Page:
Dr. Abraham Verghese on healing and empathy

The acclaimed physician and author speaks about the rituals and sacredness of doctor-patient relationships.

You can heal even when you cannot cure.

Abraham Verghese, MD, MACP, recalled the moment that idea became clear to him.

In the 1980s, as an infectious disease specialist, he worked at a clinic in Tennessee, caring for patients dying of AIDS. When he learned one of his patients had grown too weak to get to the clinic, he drove into the countryside to visit him at home. He worried it might be his last chance to see him.

“I was doing it more for my purposes than for any medical reasons,” he said. “When I got to his trailer, I found that my arriving had a profound effect on him and on the family. It seemed to help him feel that he was not abandoned, that I would be with him. And it helped the family come to terms with this illness.”

“As I was leaving that day, in this beautiful bucolic eastern Tennessee setting, I remember thinking, ‘Wow, this is what the horse-and-buggy doctor 100 years ago could do so powerfully.’ … They were very potent figures because of this ministerial quality.”

Dr. Verghese shared this story in a wide-ranging talk Wednesday, Oct. 5, to a standing-room only crowd at Spectrum Health Butterworth Hospital’s East Auditorium.

A professor of medicine and the vice chair for the Theory and Practice of Medicine at the School of Medicine at Stanford University, Dr. Verghese is known for his emphasis on empathy in medicine.

He also is the author of two memoirs and the New York Times bestselling novel, “Cutting for Stone.” In September, he received the National Humanities Medal from President Barack Obama.

In his presentation, Dr. Verghese answered questions from David Wohns, MD, MBA, the section chief of interventional cardiology of Spectrum Health Medical Group and medical director of cardiac cath labs at the Spectrum Health Frederik Meijer Heart and Vascular Institute.

Much of the discussion centered on the importance of the doctor-patient relationship, particularly the physical exam, in a fast-changing era of medicine.

Dr. Verghese led the development of the Stanford Medicine 25, a program devoted to promoting bedside exam skills in physicians. The physical exam “is an important ritual,” he said. “It’s the sealing of the physician-patient relationship.”

Amid progress in understanding disease and new ways of seeing the body, one thing remains timeless, he said.

“When a human being is suffering, they are more than a constellation of symptoms or molecular mechanisms gone awry,” he said. “There is a subtext to any illness and it is pretty much, ‘Daddy, Mommy, please help me. Please tell me it’s going to be all right.’ There is a subtext of wanting reassurance, of wanting to feel they are in the presence of people who care for them.”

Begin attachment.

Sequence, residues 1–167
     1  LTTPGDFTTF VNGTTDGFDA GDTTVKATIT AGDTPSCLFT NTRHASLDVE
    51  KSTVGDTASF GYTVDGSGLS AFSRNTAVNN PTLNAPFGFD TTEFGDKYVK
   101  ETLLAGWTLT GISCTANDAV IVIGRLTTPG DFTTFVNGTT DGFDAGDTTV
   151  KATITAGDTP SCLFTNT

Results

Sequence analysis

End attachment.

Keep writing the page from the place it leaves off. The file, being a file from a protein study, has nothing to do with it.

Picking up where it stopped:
On writing and medicine

The focus on details that Dr. Verghese learned as a physician also surfaces in his work as a writer. He noted both professions share the maxim, “God is in the details.”

He didn’t set out to be a writer, he said.

“I really see myself as having this enormous privilege of being in a position of being allowed into people’s lives at their most vulnerable moment,” he said. “That is still the great joy of my life. And the writing, I think, comes out of that.”

Asked what advice he would give to young physicians, Dr. Verghese discussed how focusing on the future can interfere with being in the moment. He borrowed a phrase from another writer, “Find beauty and be still.”

“To me, the most sacred moment in my day is the moment when I’m walking in to see a patient,” he said. “I try to remind myself that this is the moment when I leave everything else behind. I say a little inward prayer, ‘May I be of service.’”

He advises physicians, as they wash their hands before seeing a patient, to see that moment as a ritual, signaling that they are transitioning into a different, sacred space.

“There’s someone there who doesn’t really want to be there. And he’s looking to you for something that’s very important,” he said.

To help a patient in distress, physicians need to know themselves, he added.

“To know yourself, you really need to be present and very conscious of the effect your persona has on the patient,” he said. “Find beauty. Be still. And there is never a more beautiful moment than that moment of entering with the patient.”

Dr. Verghese also spoke Tuesday evening at Frederik Meijer Gardens & Sculpture Park as the inaugural speaker in the Physician as Writer lecture series.

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Comments (2)

  • God Bless you for bringing this very important subject to light! I think too many physicians underestimate the power of compassion in patient care. I have seen this firsthand and it makes all the difference in the world to find a physician who cares about you and actually listens to you.

    • Thank you, Stephanie. Dr. Verghese drew quite a crowd, and it’s easy to see why. He is a great and inspiring speaker.

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